6. Hire a Doula!

There are a lot of factors involved with an induced birth.  Make sure you have someone on your side who can answer your questions, facilitate communication with your care providers, make sure you're as calm and relaxed as possible, facilitate oxytocin-boosting activities, and be with you every step of the way.  We have attended some beautiful inductions--some of which were planned ahead of time and some that were only decided that day; some that were without pain meds and some that were with an epidural.  The process is less intimidating if you have support and someone who can give you the information you need.  If you want to learn more about what it looks like to have a doula at your birth, contact us for an informational packet and a free consultation!

What advice do you have to add for someone planning an induction?

THRIVE Spotlight: Meisha Shockley

We're thrilled, honored, and excited to be adding Meisha Shockley to the THRIVE team as a postpartum and infant care doula!  As with all of our other doulas, we want you to get to know the real Meisha.  That's why we're putting the "spotlight" on Meisha to share 10 fun facts about herself!  Don't forget to check out Elisha's, Maria's, and Chloe's spotlights, too!


1. I love to travel! I want to visit every state at least once.

2. I have a family full of girls. 3 daughters and even our fish is a female.  That means my poor husband is way out numbered.

3. I'm slightly obsessed about mental health. I have a BA in rehabilitation and I cant get enough of it! I love keeping myself up to date on the newest diagnoses and when no one is around I like watching documentaries.

4. Christmas is a way of life; a feeling you carry in your heart throughout the year. I literally count down the days every.single.year.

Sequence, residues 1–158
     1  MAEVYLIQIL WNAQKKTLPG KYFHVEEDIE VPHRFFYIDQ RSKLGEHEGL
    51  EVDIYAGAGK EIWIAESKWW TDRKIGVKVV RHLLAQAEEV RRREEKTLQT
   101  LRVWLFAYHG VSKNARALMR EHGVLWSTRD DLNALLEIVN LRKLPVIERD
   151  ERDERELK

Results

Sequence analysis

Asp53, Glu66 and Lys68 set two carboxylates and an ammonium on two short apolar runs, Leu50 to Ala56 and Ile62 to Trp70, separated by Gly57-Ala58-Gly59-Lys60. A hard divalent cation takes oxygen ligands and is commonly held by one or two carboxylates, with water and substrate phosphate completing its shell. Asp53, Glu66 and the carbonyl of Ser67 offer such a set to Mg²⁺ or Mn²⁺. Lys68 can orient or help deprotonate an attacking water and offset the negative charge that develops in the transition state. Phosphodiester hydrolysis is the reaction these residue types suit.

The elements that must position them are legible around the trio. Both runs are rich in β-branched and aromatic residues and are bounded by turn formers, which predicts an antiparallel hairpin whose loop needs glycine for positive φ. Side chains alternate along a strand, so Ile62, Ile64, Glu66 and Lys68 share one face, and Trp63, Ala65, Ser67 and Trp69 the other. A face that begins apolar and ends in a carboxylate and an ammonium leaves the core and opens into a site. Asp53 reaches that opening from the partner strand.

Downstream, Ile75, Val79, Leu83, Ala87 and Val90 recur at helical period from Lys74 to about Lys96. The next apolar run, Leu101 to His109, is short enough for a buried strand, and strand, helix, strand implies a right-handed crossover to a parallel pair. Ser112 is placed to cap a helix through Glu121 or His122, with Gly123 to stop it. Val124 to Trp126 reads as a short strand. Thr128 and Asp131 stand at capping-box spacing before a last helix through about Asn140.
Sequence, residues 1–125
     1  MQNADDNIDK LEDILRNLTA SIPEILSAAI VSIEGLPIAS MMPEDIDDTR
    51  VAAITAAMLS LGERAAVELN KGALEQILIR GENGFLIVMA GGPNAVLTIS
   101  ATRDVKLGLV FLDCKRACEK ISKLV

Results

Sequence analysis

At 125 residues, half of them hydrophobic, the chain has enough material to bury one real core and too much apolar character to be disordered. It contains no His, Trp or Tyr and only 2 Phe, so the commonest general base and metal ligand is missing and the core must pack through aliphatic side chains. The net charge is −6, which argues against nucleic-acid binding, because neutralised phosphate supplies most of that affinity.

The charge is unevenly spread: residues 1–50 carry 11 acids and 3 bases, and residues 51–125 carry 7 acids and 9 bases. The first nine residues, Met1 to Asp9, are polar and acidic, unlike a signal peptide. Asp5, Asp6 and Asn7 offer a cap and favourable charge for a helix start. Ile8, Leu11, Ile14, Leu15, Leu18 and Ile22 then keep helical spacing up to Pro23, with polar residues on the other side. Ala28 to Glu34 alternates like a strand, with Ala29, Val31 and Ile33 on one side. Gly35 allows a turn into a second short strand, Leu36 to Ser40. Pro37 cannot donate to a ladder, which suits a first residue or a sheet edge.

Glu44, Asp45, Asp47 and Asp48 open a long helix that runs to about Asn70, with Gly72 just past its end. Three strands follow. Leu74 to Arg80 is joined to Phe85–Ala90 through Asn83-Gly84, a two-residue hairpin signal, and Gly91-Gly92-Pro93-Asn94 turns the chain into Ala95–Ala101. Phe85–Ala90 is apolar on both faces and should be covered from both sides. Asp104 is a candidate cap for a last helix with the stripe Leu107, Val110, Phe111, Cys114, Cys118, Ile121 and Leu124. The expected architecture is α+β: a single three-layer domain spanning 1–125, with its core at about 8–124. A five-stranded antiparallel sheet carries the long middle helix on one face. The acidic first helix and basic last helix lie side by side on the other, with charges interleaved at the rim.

5. Two things that strangely make me happy are 1) city lights, and 2) watching snow fall at night.

6. I was born and raised in NY. I love visiting but I think I've gotten use to the quietness of country living.

7. Seafood above any other food. No questions asked.

8. Every time I travel somewhere new I find the nearest Target and check it out.

9. Moms are my favorite people ever. I love it when I meet a fresh momma who is in her honeymoon phase with her baby. That raw love and emotion that mommas carry in their postpartum period is pure MAGIC!

10. I'm a picture freak. I take pictures all-of-the-time. I have like a thousand photo albums at home.

Learn more about postpartum and infant care doulas.  Contact us to set up a free consultation.

The Home Birth of Cora Eleanor Mai

We're so excited to share the home birth story of another one of Thrive's clients.  It's a very special thing to witness the birth of a new life and we most certainly don't ever take it for granted.  The incredible photography from this birth was captured by Sincerely, The Kitchens.  FYI: There are some graphic photos ahead (blood, placenta).


This birth story is a result of reflection on three previous birth experiences, deliberate planning, and thoughtful intention. As we have grown our family, our progression from a hospital birth to free standing birth center births to a home birth has always been carefully considered. So carefully, that I first contacted our midwife for this birth two full years prior to getting pregnant. I was determined to be educated and fully aware of my options, as to create a path of empowerment and beautiful space within which to bring our fourth baby into the world.

By the time I attended the first consultation with our home birth midwife, I already knew her story. I read her website, followed her Facebook page, and spoke to friends about her birthing philosophy. During our meeting, she mentioned a few times “If I hired her…”, but I already knew. Blessed with great intuition - I knew. She would be present at this baby’s birth and I had no reservations. Not one. What a cool gift – to know, to be confident. The first of many gifts this birth gave us.